If it wasn’t for a pool party in the mid-1960s, we probably wouldn’t have one of the most diverse drummers in music today. A seven-year-old Cindy Blackman attended the aforementioned pool party of one of her classmates in her hometown of Yellow Springs, Ohio. While walking through her friend’s house, Blackman spotted a room that contained a drum set. While standing there in the doorway, she felt as if the drum set was beckoning her to sit down and play it. Being a curious child, she did just that. When she tapped one of the drums, it was, as she described it, completely “natural”; as natural, she said, as “breathing.”
After moving with her family to Bristol, Connecticut as a teenager, Blackman took an interest in jazz, particularly jazz played by master drummer Tony Williams (the drummer for legendary Miles Davis). "I just love and loved everything about Tony," says Blackman. "To me, not only was he a master technician, a master drummer, the innovator of the age, but also, he was a sound innovator. He had so many things that elevated the sound and the level of skill required to play this kind of music."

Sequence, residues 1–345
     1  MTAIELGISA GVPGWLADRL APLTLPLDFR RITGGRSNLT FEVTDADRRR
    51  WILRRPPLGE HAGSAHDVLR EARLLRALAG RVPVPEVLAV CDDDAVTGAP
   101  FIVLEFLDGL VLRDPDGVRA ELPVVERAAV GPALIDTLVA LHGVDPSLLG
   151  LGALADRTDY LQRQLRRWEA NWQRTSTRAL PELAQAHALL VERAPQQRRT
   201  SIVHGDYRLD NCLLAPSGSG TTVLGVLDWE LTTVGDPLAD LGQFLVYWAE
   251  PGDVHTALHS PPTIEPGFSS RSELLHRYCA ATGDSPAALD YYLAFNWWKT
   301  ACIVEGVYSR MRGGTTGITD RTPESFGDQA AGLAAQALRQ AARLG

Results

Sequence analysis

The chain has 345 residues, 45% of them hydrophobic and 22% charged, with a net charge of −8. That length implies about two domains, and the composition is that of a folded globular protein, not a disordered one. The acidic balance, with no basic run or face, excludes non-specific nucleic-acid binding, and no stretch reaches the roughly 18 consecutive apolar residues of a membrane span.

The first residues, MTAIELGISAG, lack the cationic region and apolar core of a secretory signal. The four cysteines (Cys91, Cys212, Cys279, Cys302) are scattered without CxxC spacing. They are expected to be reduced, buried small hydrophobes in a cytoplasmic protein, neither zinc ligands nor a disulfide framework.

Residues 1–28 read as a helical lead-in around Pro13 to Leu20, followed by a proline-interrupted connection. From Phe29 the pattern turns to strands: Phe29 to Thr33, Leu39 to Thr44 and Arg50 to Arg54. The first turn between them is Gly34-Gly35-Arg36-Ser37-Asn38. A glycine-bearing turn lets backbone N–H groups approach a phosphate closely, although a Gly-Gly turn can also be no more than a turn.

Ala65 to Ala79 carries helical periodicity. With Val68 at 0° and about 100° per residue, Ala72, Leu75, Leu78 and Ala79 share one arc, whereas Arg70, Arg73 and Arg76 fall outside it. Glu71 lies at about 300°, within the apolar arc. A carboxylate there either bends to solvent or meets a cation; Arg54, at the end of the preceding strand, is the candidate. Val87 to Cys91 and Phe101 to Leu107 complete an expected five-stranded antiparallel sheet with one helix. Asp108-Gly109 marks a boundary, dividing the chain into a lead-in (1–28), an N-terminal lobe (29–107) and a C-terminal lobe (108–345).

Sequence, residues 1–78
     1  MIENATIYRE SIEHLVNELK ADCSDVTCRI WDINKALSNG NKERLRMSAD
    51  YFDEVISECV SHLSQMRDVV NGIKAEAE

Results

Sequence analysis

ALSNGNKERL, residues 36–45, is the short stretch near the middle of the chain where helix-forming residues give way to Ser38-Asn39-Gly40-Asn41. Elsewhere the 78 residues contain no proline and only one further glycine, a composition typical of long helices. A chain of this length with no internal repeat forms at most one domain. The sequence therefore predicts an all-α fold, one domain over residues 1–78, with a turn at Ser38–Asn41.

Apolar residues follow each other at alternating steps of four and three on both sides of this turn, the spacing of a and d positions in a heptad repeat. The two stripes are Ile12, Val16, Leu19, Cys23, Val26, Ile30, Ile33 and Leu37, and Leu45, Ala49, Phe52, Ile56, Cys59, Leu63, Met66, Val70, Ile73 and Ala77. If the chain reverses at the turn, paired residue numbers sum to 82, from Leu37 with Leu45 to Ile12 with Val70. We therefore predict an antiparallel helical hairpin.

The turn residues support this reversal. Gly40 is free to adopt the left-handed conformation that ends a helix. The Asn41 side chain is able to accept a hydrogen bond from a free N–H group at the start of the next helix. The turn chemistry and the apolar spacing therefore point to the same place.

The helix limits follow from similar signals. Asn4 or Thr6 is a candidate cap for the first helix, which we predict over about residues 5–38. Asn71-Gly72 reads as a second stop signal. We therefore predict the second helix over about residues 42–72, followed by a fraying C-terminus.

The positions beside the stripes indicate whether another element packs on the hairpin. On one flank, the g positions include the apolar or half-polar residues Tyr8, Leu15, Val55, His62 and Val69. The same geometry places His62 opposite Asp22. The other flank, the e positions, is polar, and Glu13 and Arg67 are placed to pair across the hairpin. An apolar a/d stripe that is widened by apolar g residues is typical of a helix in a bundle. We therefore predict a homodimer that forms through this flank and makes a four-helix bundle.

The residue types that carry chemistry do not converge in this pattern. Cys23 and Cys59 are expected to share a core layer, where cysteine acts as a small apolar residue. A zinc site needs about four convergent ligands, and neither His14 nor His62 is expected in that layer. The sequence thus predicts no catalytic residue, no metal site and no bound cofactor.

In the early ’80s, Blackman moved to Boston to attend the Berklee College Of Music. After three semesters, Blackman dropped out and moved to New York to accept the drum spot for the doo-wop group The Drifters. For the remainder of the decade and well into the early ’90s, Blackman spent her time performing in various jazz bands. Then, in 1993, a young musician by the name of Lenny Kravitz called her up and had her play drums for him over the phone. Kravitz had her fly out to L.A., where she aced the official audition, and with that, Blackman made the transition from jazz band leader to arena-rock drummer almost overnight.
However, Blackman never left jazz behind. She still records, tours, and promotes her jazz band and albums every chance she gets.
Cindy Blackman also uses Remo heads, Vic Firth sticks, DW hardware, LP percussion, Protection Racket cases, and Beatnik Rhymic Analyzer.